I remember my first one-on-one meeting with the head of major account sales at Xerox. For a bit of perspective, this gentleman ran the team responsible for over a billion dollars in document outsourcing services revenue. I presented a carefully prepared summary of the industry marketing team results from the current year and plans for the next period. Included in this review was my analysis of the number and types of deals influenced by industry marketing activity and the size of the pipeline resulting.
Upon seeing those figures, he turned to me and said:
“I would be careful about showing numbers like those around. It’s easy for people to question the impact marketing has on sales.”
Like it or not, this attitude prevails within many enterprise sales organizations. It presents both a challenge and opportunity B2B marketers face at large companies like Xerox and small ones as well — how do you demonstrate the impact of marketing activity on the health of the sales pipeline?
Every sales opportunity or closed deal should have at least one marketing campaign, program, or activity associated with it. If not, your company is missing an opportunity to drive the cost of sales down. Why? Because business buyers get most of the information about products and services they might want to buy from sources other than the direct sales force.
When the Corporate Executive Board (CEB) published key research showing that buyers have completed 57% of the purchase process BEFORE they call a supplier, they quantified something we know intuitively — B2B purchasers use the Web, peers, colleagues, online recommendations, and so on to determine needs and buying criteria. They call in the vendors when it’s time to compete on price.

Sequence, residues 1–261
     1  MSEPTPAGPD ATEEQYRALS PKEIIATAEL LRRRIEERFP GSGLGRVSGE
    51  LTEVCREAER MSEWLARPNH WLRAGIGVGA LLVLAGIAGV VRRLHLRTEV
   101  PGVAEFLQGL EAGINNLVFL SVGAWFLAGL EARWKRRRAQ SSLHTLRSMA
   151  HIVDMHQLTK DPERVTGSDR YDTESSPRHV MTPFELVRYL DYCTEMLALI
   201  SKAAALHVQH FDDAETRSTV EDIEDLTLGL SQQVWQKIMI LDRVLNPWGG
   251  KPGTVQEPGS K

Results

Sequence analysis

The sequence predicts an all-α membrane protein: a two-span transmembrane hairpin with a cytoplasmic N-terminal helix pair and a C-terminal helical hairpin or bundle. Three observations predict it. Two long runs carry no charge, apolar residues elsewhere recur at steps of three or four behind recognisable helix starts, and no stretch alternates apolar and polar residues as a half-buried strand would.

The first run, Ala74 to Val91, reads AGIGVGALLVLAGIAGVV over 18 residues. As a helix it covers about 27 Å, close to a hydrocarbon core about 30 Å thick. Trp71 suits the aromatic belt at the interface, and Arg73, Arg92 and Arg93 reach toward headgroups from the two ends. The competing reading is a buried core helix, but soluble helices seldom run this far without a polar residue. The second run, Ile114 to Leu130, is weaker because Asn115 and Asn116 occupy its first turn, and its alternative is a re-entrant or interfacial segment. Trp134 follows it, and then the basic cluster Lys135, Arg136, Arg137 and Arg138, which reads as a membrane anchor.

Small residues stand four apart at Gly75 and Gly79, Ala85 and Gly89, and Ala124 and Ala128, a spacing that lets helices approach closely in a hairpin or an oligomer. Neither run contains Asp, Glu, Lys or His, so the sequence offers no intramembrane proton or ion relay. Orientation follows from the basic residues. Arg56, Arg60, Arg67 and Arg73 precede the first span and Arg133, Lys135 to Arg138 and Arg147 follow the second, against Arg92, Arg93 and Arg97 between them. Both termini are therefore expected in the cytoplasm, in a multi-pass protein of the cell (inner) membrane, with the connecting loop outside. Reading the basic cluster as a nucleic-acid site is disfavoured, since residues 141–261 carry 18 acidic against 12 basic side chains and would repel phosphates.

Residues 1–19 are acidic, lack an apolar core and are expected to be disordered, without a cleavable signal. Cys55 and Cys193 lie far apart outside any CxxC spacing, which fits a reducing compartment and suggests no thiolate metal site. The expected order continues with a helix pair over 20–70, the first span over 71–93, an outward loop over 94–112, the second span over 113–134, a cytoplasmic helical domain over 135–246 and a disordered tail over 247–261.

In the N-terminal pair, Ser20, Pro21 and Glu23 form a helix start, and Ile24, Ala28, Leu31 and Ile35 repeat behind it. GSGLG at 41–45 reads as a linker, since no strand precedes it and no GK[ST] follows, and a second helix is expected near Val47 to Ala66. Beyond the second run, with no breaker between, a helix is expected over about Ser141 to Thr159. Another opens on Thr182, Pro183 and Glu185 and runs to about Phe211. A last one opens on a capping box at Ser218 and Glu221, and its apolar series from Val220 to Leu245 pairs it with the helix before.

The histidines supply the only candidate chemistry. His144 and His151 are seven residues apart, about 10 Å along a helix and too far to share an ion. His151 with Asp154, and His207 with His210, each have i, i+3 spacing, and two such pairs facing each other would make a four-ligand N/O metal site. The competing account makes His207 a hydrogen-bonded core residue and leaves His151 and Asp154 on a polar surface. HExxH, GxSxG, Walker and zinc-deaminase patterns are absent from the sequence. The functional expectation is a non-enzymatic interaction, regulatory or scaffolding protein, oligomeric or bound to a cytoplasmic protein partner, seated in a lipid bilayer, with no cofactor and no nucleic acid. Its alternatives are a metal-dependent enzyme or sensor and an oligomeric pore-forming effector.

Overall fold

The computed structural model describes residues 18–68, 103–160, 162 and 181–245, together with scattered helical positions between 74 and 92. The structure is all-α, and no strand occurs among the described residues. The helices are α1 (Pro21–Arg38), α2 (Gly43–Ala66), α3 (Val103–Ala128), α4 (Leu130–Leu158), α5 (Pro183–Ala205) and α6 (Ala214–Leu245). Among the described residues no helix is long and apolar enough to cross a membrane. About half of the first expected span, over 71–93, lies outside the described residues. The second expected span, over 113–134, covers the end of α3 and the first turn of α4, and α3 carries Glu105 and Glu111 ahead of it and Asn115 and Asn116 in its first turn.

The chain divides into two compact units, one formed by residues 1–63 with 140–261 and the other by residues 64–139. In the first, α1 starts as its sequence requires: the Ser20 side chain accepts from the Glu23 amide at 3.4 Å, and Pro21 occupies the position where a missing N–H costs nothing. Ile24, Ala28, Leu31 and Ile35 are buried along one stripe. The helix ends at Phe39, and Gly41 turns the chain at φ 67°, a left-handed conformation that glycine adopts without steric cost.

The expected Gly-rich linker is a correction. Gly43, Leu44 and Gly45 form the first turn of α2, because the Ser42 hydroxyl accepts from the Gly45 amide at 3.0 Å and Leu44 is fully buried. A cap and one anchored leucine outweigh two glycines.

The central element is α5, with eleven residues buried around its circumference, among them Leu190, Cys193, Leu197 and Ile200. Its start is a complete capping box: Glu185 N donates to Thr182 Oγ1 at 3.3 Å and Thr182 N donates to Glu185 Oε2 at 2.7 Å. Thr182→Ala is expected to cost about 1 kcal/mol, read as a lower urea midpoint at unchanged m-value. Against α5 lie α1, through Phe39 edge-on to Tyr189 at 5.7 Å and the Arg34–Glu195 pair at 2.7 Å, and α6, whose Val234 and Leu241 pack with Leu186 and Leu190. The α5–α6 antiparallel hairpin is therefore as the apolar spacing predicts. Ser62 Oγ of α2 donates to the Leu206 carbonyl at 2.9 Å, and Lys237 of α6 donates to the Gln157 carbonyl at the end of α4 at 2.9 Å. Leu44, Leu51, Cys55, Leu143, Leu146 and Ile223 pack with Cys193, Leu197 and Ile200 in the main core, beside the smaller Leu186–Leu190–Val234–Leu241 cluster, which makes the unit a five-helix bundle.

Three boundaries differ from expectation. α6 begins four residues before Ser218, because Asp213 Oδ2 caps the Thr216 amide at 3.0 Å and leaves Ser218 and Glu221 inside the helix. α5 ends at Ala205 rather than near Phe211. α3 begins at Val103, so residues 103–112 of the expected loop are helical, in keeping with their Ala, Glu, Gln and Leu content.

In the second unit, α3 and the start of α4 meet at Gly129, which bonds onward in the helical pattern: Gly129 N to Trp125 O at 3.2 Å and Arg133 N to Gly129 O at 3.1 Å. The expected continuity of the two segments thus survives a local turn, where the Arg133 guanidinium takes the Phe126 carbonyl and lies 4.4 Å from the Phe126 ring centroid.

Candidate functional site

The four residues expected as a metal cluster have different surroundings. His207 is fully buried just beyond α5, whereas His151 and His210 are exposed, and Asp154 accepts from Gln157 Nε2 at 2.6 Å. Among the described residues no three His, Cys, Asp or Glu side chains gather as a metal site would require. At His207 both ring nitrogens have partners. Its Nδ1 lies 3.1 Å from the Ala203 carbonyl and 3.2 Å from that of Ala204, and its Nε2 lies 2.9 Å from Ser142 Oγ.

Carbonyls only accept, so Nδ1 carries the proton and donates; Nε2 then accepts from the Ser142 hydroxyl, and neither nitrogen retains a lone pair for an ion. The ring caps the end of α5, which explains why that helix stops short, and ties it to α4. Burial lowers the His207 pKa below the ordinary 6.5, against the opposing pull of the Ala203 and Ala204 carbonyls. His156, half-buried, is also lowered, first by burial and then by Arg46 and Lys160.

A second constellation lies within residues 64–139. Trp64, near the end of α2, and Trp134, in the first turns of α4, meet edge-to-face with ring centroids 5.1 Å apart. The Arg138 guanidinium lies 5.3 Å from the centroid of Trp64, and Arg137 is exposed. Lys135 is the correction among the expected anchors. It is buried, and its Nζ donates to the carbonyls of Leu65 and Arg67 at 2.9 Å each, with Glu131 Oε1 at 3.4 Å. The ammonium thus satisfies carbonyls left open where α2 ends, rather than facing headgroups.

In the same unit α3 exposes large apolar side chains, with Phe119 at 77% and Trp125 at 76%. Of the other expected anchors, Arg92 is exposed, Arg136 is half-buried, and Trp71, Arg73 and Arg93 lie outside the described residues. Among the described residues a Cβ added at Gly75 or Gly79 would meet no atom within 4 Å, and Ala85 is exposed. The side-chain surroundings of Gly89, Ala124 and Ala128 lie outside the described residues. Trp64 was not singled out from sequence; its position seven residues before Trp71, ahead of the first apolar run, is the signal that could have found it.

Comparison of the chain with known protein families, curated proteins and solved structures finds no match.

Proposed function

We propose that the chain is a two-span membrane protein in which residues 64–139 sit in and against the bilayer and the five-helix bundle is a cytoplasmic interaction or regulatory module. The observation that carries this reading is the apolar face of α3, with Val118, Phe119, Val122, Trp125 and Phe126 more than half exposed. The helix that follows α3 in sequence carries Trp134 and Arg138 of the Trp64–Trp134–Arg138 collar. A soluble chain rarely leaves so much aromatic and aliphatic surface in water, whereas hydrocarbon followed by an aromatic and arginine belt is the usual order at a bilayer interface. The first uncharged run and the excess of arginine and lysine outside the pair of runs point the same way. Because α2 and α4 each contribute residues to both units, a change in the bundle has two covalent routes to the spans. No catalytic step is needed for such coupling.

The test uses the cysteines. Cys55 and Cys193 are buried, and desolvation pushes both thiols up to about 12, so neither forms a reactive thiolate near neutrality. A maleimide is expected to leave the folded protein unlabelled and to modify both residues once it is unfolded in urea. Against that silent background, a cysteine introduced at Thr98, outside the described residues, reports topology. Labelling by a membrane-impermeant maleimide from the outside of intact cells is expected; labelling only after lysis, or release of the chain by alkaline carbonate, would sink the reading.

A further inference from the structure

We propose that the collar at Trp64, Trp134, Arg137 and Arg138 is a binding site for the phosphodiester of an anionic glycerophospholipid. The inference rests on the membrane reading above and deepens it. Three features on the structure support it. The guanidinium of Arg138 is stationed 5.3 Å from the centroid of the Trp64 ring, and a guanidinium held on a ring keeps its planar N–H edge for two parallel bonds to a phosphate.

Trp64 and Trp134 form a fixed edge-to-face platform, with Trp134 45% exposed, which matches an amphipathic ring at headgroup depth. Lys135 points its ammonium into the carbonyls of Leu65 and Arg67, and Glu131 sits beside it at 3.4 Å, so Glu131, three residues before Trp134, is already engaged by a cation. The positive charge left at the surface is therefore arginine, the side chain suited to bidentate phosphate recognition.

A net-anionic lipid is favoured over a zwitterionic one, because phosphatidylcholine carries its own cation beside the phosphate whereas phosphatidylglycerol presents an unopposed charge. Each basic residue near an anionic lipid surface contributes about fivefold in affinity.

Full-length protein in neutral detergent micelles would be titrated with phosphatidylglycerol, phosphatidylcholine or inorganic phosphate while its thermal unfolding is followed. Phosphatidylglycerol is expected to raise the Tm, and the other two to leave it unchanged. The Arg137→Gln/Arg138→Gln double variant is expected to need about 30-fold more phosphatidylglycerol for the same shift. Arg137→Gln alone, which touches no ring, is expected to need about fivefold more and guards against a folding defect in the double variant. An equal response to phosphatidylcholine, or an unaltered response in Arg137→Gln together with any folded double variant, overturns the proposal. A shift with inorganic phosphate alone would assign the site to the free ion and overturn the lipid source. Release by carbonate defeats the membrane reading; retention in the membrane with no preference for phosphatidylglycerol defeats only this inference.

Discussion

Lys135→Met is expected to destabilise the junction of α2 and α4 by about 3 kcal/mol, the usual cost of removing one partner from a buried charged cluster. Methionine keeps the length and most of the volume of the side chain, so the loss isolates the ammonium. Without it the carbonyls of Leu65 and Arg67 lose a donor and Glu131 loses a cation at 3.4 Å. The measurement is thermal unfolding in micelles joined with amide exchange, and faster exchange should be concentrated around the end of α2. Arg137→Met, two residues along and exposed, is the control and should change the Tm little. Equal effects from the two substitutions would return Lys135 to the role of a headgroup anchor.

How do you impact that part of the purchase process that represents almost 60% of the time your reps aren’t in touch with the buyer? With marketing.
Communications, messages, and content that you send to prospects — or that they find when researching issues online — affect the purchase process. Prospects and clients see this information, and may pay attention to it long enough to shape buying decisions. The difficulty is how to measure this impact and allocate the influence of marketing activity appropriately across pipeline and deals. And use this influence information to understand which campaigns played the greatest role in creating an opportunity or closing a deal.
Most marketing automation gives CMOs and their staff the false impression that they can use technology to figure this out easily. However, most tools can’t factor in subjective criteria — like what to measure and how to determine the impact of any particular element on buying — that affect the equation. Frequently marketers give all the influence credit to either the first or last touch before the deal closes, but this doesn’t help to understand which activities help to move opportunities from stage to stage or play a significant role in the overall process.
Luckily, I think the good folks at FullCircleCRM are on the hunt for a solution to this problem. Take a break and listen as Andrea Wildt, VP of Products and Marketing, and I talk about the need to allocate influence, why it is difficult to do and the pros/cons of different allocation strategies. I think you will conclude that a weighted allocation works best for those with the analytics and tools to support this analysis. However, most other B2B marketers should start simple and increase their sophistication as sales becomes more comfortable with talking to marketing about the pipeline and their mutual advantage in making it stronger.